Geoduck Clams


(Panopea abrupta): FARM RAISED

QUITE POSSIBLY THE most peculiar shellfish on earth, Geoduck clams are gigantic Pacific saltwater clams that are simply shocking in appearance. Bearing a shell some eight inches long, geoducks (pronounced “gooey-ducks”) are distinctly recognized by their enormously disproportionate ‘neck’ that can protrude up to three feet in length or more and weigh several pounds. Most commercially sold geoducks average around 2 pound.

The largest of all American clams – and the largest burrowing clam in the world, geoduck clams are indigenous to the Pacific Coast, in greatest numbers off Washington State and British Columbia, Canada. They are found in the wild as far south as California and as far north as Alaska. Their name is from the Nisqually Indian term ‘gwe-duck,’ which means ‘to dig deep.’ Indeed, they are adept diggers and have been known to survive for more than 100 years within the confines of sandy beaches. Its neck acts as a siphon that pumps hundreds of gallons of water a day through its digestive system. It is this siphon that is primarily used for culinary applications, although some Asian recipes will utilize dried body meat in soups and some will fry or steam the body meat.

The harvest for geoducks is truly for the stout of heart, often requiring more than one person to extract it from the sand: one to seize the neck and the other to do the digging. Farmed in tidal flats buried several feet deep, they often expose the very tips of their necks and squirt water like little fountains, telltale signs for geoduck hunters. A wild harvest also exists that generally uses divers to locate and extract them. These divers often employ the aid of ‘stingers,’ or water jets, that help to loosen the bed of wet sand surrounding the clam.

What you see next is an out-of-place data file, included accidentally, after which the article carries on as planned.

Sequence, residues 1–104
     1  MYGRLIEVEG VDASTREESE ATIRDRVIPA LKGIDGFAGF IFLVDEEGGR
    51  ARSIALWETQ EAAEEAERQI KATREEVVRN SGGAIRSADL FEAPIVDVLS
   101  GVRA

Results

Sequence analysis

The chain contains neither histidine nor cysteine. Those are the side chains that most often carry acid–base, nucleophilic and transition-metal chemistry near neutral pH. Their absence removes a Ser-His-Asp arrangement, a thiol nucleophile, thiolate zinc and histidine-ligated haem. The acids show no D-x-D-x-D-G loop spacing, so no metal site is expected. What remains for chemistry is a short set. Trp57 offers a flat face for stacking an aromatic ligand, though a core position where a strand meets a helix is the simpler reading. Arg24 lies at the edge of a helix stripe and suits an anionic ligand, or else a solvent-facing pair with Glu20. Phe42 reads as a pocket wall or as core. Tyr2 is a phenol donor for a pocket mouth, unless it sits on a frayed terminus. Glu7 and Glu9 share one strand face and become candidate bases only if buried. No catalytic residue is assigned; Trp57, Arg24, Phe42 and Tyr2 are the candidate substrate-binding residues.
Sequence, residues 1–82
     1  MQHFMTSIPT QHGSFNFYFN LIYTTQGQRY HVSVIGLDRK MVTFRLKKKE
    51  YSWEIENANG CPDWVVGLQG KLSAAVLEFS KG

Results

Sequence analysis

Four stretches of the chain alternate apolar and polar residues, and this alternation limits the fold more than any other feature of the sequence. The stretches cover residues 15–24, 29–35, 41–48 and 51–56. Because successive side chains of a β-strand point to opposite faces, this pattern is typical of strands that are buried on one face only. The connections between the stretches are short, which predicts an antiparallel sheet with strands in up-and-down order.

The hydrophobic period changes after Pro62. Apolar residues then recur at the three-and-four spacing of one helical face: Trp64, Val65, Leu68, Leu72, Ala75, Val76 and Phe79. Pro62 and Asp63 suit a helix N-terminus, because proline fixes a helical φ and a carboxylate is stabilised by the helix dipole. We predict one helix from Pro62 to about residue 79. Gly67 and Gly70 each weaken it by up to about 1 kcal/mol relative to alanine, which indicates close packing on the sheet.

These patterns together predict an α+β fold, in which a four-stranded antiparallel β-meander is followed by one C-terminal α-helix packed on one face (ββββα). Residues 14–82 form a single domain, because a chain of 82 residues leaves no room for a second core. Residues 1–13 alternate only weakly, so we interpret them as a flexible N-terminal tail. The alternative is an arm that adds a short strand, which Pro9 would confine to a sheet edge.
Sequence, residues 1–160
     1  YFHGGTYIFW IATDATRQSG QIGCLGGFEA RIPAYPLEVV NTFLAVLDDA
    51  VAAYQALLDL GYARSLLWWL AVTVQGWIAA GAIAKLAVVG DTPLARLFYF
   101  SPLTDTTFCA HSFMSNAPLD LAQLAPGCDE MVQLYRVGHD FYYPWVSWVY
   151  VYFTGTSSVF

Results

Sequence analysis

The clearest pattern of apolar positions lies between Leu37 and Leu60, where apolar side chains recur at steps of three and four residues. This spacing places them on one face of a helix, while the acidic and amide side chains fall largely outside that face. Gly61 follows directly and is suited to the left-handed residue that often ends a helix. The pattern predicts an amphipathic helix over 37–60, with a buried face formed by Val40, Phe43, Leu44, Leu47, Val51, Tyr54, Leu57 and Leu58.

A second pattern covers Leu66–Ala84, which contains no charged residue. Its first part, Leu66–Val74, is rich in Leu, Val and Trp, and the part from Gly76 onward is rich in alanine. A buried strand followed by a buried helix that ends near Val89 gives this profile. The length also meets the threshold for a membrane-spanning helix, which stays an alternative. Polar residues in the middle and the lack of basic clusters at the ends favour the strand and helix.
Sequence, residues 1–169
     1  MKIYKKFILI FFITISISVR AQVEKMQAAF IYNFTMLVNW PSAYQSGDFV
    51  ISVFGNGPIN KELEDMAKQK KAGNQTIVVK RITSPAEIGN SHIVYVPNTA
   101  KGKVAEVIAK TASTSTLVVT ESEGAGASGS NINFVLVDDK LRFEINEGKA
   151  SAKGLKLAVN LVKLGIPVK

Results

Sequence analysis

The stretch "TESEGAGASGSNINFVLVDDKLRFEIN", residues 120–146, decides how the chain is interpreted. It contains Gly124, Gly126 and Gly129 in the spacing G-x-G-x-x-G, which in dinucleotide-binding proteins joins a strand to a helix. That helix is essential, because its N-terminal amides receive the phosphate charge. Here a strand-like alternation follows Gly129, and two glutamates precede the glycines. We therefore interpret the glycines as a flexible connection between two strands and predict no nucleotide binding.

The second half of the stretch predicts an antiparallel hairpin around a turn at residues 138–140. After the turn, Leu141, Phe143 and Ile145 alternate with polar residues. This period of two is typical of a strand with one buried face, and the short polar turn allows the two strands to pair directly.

Geoducks are extremely popular in Asia, where they are known as ‘Elephant Trunk Clams.’ They are sweet in flavor and taste of the sea, with an almost crunchy texture that needs very little cooking to enhance the flavor. Over cooking can quickly ruin the texture by toughening the meat and it is generally recommended to only prepare the cleaned meat with a quick blanch or fast stir fry. However, Geoduck is coveted for sushi, sashimi, or ceviche and is generally sold alive. The siphon is cut from the shucked body then placed quickly in hot water to loosen the tough outer skin. Once the skin is removed, the cream colored neck meat is split and shaved into thin slices and served raw.

Harvest Region: Harvested in Puget Sound, Washington

Seasonality: Farmed Year Round

Yield: About  33% – The Siphon of the clam is the preferred meat

Flavor Profile: Sweet, Mild

Texture Profile: Firm, Crunchy


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